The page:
Probably part of the confusion is that the "AF"  abbreviation had been used for both the singular and plural number of "Air Force."
Even Combat Squadrons does this.  Although it lists Pursuit Squadrons (Interceptor) and Pursuit Squadrons (Fighter), when they became Fighter Squadrons, it omits the (Single Engine), (Twin Engine), and (Special) designations they carried.

Bernie Shearon
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Re:FEAF II 2011/02/15 17:36:23 (permalink)
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Much to-do about nothing.  Singular, plural made no difference to those of us who served.  In Oct. '41 I was assigned to Hq. Sq. 3rd Bomb. Gp. (L) at Savannah Army Air Base.  Feb. 25, '42 we arrived in Brisbane, Aust. and became part of the Far East Air Force.  Along about Aug.  we became part of "Kenny's Kids" 5th Air Force (the Forgotten Fifth).  Sometime during the summer of '43 we became the 3rd Attack Gp.  Shorty before we headed to the P.I. in Nov. '44, I guess we were combined with the 13th Air Force, but continued to wear the 5th Air Force Patch.
 
With an "s" or without an "s", I was part of a unit that saw 41 months of continuos
combat duty.  Received 2 Pres. Unit Citations, 1 P.I. Pres. Unit Citation; 1 Congressional Honor Medal. Took part in 10 campaignes, Sank 642 ships, Destroyed 2000 aircraft, destroyed 200,000 tons of supplies, destroyed 1500 bldgs. and killed approx. 40,000 japs.  With or without an "s" we had a job to do, and we did it.
Jack Heyn
Photo Section, 3rd Bomb. Gp., 5th Air Force, Far East Air Forces.
 
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Re:FEAF II 2011/02/17 10:21:11 (permalink)
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bernies

The Official Name for the organization formed in 1944 was always plural.  It's suprisingly common for official documents to refer to an organization by something other than its Official Name.  Larry Ravenstein wrote a pamphlet back in the 1960s for the Simpson Center (now AFHRA) on common errors in histories (the most common was probably stating that a unit had been redesignated when it had been inactivated and its personnel and equipment transferred to a newly activated unit) that cited examples of references in orders, programming plans, award citations to an organization that was officially the "13 Bombardment Squadron, Tactical."  as the 13 Bombardment Squadron (Tactical), 13 Tactical Bombardment Squadron, 13 Bomber Squadron, etc.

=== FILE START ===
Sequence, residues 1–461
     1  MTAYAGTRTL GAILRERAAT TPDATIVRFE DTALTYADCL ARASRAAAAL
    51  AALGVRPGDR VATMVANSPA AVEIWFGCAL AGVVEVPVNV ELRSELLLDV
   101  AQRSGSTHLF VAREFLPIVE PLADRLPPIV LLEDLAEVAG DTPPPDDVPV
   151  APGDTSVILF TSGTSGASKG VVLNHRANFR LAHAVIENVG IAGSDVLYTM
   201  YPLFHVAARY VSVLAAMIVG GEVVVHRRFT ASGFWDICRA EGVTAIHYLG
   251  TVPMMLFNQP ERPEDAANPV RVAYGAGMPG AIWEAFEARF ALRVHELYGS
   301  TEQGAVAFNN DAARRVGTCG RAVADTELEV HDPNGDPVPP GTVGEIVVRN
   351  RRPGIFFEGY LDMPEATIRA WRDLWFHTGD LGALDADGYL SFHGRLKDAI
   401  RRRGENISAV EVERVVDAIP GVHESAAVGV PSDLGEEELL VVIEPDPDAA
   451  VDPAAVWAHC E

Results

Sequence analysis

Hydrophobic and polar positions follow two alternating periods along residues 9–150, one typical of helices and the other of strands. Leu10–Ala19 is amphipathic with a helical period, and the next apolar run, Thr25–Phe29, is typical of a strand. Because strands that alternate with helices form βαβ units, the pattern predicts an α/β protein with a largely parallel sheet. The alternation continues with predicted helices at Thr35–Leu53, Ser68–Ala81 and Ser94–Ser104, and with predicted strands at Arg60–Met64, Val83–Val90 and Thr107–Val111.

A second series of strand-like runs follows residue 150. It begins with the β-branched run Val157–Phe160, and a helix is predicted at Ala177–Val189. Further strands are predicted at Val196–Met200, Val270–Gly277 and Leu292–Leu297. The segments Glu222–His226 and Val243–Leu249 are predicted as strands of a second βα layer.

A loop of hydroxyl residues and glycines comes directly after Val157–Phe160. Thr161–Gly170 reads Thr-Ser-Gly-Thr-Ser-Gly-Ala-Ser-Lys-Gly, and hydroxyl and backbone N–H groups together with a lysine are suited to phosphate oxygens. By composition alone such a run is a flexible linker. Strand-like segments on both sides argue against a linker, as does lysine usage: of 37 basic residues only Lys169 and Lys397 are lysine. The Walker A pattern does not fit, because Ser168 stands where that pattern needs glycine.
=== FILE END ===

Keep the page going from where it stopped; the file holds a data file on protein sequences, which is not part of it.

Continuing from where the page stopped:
Probably part of the confusion is that the "AF"  abbreviation had been used for both the singular and plural number of "Air Force."
Even Combat Squadrons does this.  Although it lists Pursuit Squadrons (Interceptor) and Pursuit Squadrons (Fighter), when they became Fighter Squadrons, it omits the (Single Engine), (Twin Engine), and (Special) designations they carried.

Bernie,
Thanks for your input on this matter.
Do you happen to know where I might locate a copy of the original Field Order (or Memo in this case)
connected with the formation of this organization?
 
Stepping backwards a bit, we've drifted somewhat from the subject of my original query.
 
I would appreciate any assistance you might be able to supply concerning the Order of Battle for
FEAF including any/all TDY assignments.
Thanks again.
Bob
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Re:FEAF II 2011/02/22 10:41:14 (permalink) ☄ Helpful
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You should be able to get the authority for the establishment of FEAF by requesting it from the AF Historical Research Agency at Maxwell AFB, AL.  I would guess there would be a War Department Adjutant General Letter in the 322 series authorizing the unit and a General Order issued by GHQ, SW Pacific Theater activating it.  Vol IV of The Army Air Forces in World War II indicates the AG letter was dated 31 Jul 44 (in the notes to page 648).  If you have a copy of this book, there is a discussion of the singular/plural name you can read.
As for components, FEAF tended to use its wings as task force headquarters, attaching units to the wings for specific operations, so it is quite difficult to track what unit was assigned where at specific times.

Bernie Shearon
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Re:FEAF II 2011/03/04 15:12:35 (permalink)
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Bernie,